OPINION: Be careful what you wish for in Barnaby case
BARNABY Joyce's resignation should put the brakes on a story which has dominated the media landscape for the past fortnight, at least for awhile.
However questions will continue to linger for a long time. Foremost, of course, is where is the line between public and private lives in the media?
Unfortunately, it seems like there is no clear cut answer.
While there is a legitimate question to be asked about digging through people's personal relationships, the other side of this coin is in this case it raised serious questions about the jobs which Vikki Campion occupied in other offices.
How would the story have played in reverse? That an investigation into "jobs for mates” was reported, and their relationship was then discovered? Would that be more palatable?
Though she is well qualified to work in Federal Government, there's a reason the line "image is everything” resonates so well among PR firms. And if there's one thing modern day politics revolves around it is image.
Perhaps more intriguing, however, is how saintly do we need our political leaders and public figures to be? Cheating on your wife is not good, to be sure, but how many people can throw that stone without risk of being cut by glass?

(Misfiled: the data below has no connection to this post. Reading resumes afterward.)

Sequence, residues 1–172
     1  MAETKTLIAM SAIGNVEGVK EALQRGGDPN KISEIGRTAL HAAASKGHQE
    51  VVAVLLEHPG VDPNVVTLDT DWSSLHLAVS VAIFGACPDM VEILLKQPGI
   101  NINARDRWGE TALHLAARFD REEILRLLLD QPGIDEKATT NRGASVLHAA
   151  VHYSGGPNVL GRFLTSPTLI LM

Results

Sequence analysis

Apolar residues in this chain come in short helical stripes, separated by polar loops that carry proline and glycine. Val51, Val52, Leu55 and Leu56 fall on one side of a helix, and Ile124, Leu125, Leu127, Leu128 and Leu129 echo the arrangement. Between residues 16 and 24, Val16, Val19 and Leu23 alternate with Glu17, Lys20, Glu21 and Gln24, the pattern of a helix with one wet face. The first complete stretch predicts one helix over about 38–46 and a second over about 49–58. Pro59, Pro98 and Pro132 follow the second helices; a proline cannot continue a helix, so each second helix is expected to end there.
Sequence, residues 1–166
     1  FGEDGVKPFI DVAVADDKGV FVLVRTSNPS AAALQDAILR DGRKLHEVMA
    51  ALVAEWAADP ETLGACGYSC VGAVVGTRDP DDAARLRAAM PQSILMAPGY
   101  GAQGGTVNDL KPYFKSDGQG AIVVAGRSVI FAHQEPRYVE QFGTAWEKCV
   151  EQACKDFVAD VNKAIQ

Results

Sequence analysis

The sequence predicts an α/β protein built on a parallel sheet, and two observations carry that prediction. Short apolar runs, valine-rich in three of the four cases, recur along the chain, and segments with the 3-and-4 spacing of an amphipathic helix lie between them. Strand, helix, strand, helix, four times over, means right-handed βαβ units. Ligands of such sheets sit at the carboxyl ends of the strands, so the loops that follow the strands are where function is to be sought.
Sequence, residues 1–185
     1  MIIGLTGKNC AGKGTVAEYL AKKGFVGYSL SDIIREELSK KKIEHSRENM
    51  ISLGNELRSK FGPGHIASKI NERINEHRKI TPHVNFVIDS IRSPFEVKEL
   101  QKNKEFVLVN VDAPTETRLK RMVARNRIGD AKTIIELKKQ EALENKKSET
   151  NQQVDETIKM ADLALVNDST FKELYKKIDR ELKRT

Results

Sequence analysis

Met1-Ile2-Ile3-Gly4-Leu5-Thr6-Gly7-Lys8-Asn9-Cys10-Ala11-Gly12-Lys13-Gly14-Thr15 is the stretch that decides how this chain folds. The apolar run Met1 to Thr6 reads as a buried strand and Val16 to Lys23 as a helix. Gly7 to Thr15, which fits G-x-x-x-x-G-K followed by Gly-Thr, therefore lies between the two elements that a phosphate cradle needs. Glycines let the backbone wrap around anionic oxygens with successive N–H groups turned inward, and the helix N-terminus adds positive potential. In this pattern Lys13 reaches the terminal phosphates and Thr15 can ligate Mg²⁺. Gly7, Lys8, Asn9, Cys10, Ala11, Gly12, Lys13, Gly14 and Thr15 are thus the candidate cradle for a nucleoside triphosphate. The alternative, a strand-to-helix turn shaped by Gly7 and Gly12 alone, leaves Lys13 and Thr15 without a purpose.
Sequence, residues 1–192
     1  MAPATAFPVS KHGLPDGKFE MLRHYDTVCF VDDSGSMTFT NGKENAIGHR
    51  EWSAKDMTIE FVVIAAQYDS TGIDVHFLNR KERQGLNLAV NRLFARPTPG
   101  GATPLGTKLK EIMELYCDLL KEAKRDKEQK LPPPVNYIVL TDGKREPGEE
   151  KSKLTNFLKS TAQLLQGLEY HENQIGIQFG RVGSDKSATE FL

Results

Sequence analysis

Here's a hint: one American study reported up to 60 per cent of men and 55 per cent of women would end up in the sack with someone else during their marriage.
There's no doubt a statistical difference between American and Australian cultures, but it is suggestive.
But this puritanical streak we demand from others doesn't end there, either.
Are you worried by the continued dragging up of old "controversial” tweets or comments from decades ago, and people being publicly keel-hauled or required to scourge themselves by resigning? You should be.
We should be very careful when we demand people we put in power must abide by the strictest set of rules we can imagine.
Because rather than winding up with the best person for the job, instead we'll be stuck with the only person on the planet we deem clean enough to do it.